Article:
Amazing. Each time I saw that there was more riffing on the Screwtape letters to come I giggled like a little child. Excellent work, Mr. Tanier. May I suggest Bartleby the Scrivener for your next homage?

46
by TomKelso :: Fri, 05/25/2012 - 2:08am

Breesleby the Scrivener? His basic approach right now, after all, is that he would prefer not to.

Two years ago, Who Watches the Walkthrough? Last year, "Ask Askia" and the Civ 5 riff. This year, Screwtape. Walkthrough makes the offseason bearable.

47
by Subrata Sircar :: Fri, 05/25/2012 - 4:55am

I tend to find Walkthough somewhat hit-or-miss (depending on my familiarity with the theme, I would guess; TheseDamnKidsNeedToGetOffMyLawn!), but this was a clear hit. The Screwtape Letters is my favorite CS Lewis book despite hitting several superficial warning signs (overt religion in a putative work of fiction, for example), because unlike, say, Ayn Rand, it manages to be entertaining and educational without lecturing (or in Rand's case, shouting at) the reader.

48
by Bowl Game Anomaly :: Fri, 05/25/2012 - 8:56am

I don't think you can call Screwtape a work of fiction. It's a collection of essays with a framing device.

49
by drobviousso :: Fri, 05/25/2012 - 11:49am

It's an apologetic that uses fictional essays.

It doesn't fit into your neat square boxes, man.

50
by erniecohen :: Fri, 05/25/2012 - 1:23pm

If the poor QBs Dickerson played with count for him, why don't Faulk's good QBs count against him?

52
by commissionerleaf :: Fri, 05/25/2012 - 5:23pm

They do.

53
by Mr Tall (not verified) :: Sat, 05/26/2012 - 12:35am

Best Walkthrough ever, I agree. I'm a serious C S Lewis fan, and have read The Screwtape Letters many times. You've captured their spirit wonderfully in this post.

And don't be so self-deprecating, re comment 44. Lewis's satire seems like just a cute trick at first, but it's fiendishly subtle when you get into the book, with turn upon turn upon turn of thought and intent. Managing to hold that together in an homage on an entirely different subject is no mean feat.

54
by Intropy :: Sat, 05/26/2012 - 1:30pm

Suggesting an abandonment of modesty, who's the minor tempter now?

56
by MJK :: Sat, 05/26/2012 - 7:57pm

Fantastic Walkthrough. I think everyone should read the Screwtape Letters. Even if you're an atheist, it's still a delicously funny and yet disturbingly piercing examination of human tendencies and moralities. And Tanier did wonderfully with this. C.S. Lewis would be proud.

Thought the Niners list was a little odd, myself. But still good to read.

Some folks posted that the NFL is trying to legally force a cease and desist of the Jesus t-shirts. I'm not familiar with trademark law...do they have a case? If it was a copyright issue, the likeness to the Jets logo falls pretty squarely in the middle of "fair use" protection, and the NFL wouldn't be able to do anything about it, but I don't remember if "fair use" applies to trademarks as well... Still, those t-shirts are awesome in their absurdity. They're right up there with the stylized "YS" hats in the color and style of New York Yankees hats, where the "Y" and the "S" look like the "N" and the "Y". (Of course, "YS" means something different...)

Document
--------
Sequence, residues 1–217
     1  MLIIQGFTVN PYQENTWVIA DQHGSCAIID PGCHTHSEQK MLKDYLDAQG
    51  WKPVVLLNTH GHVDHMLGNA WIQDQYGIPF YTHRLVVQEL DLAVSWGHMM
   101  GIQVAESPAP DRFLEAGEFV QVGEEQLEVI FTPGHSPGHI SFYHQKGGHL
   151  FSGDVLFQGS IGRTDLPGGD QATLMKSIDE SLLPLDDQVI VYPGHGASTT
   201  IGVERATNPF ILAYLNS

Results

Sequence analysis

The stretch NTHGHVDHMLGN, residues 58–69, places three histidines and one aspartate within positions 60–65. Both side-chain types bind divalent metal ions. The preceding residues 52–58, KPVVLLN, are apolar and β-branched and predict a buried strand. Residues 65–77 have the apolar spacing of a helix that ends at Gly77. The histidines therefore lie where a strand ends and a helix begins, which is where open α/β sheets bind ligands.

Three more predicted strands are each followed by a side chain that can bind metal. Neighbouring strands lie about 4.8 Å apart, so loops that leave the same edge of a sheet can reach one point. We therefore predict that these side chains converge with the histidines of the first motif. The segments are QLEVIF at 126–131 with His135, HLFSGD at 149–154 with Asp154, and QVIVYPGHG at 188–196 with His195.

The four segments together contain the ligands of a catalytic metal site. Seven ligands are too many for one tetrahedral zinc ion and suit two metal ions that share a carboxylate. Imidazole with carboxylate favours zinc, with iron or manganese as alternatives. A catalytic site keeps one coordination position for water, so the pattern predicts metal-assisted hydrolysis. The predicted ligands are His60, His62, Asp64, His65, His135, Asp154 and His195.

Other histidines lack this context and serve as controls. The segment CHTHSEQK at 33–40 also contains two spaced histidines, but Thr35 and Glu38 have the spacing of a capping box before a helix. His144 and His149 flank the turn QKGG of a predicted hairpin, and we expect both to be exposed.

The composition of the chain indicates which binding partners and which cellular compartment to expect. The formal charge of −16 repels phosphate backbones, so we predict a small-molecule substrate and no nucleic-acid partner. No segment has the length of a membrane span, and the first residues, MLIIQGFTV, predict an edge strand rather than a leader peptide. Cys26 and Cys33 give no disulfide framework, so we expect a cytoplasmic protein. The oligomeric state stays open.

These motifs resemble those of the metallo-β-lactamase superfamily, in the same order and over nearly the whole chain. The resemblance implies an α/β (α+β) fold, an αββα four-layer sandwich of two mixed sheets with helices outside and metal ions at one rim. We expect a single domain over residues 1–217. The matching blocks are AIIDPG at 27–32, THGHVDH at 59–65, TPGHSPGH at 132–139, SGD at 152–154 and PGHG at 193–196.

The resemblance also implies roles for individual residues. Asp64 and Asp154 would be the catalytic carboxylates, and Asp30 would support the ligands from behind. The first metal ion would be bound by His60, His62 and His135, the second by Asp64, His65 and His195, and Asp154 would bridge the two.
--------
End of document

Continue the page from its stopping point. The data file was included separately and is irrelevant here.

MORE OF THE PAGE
57
by PatsFan :: Sat, 05/26/2012 - 8:52pm

Is there any concept of "fair use" with trademarks? Trademarks are not the same as, and are treated differently in many ways, than copyrights.

58
by MJK :: Sun, 05/27/2012 - 12:47am

That's basically what I'm asking. I don't know.

65
by nat :: Wed, 05/30/2012 - 8:53pm

According to Wikipedia, there is a concept of "fair use" for trademarks, although it has an entirely separate case law from copyright fair use. So don't just trust your instincts. I believe that there is a pretty broad allowance for satirical use of trademarks, too. Think "wacky packs" - if you remember those.

You also have some leeway to use trademarks to talk about a product or company. You could use a Jets logo in a graphic comparing teams in next week's games, for example. That's a "nominative" use, which is probably okay unless you give the impression you are speaking for the team.

My guess is "Jesus" sweatshirts are fine. But selling your own "Jets" sweatshirt is not. But IANAL, and the Jets can always sue anyway.

61
by BigCheese :: Tue, 05/29/2012 - 3:24am

How on earth would this ever fall under fair use? It's not using a part of it in order to make a comment or review of it. It's not satirizing it. It's designed SPECIFICALLY to make an allusion to the Jets brand and logo and proffit of its likeness.

- Alvaro

Phil Simms is to analysts what Ryan Leaf is to NFL QBs

62
by MJK :: Tue, 05/29/2012 - 11:46am

With regard to copyright, I believe parody for the sake of humor is protected under fair use (see Campbell v Acuff-Rose Music Inc., where Roy Orbison's publisher tried to sue 2 Live Crew for their parody of "Pretty Woman", and the Supreme Court declared that parody, if it was mocking the original work, as opposed to satire, which was not, is protected "fair use"). Even though he attempts to get permission whenever possible, Weird Al is protected under fair use because what he does is parody.

These shirts certainly qualify as parody--the key legal point is that their resemblance to the Jets brand and logo is integral to the idea they are trying to convey (they are mocking the organization), and hence if it was a copyright issue, they would be protected even if they make a commercial profit.

However, I do not know if the same law applies to trademarks...hence my question. I actually suspect it might not, because a copyright is designed to protect content, while a trademark is intended to protect the brand identification itself. But I don't know...

66
by BigCheese :: Thu, 05/31/2012 - 12:08am

I guess you could see it as parody (I don't, but I wouldn't be shocked if others do). I didn't find anything in Trademark fair use pertainign to parody specifically, and I wouldn't be suprised if that was indeed very different from copyright parody fair use.

- Alvaro

Phil Simms is to analysts what Ryan Leaf is to NFL QBs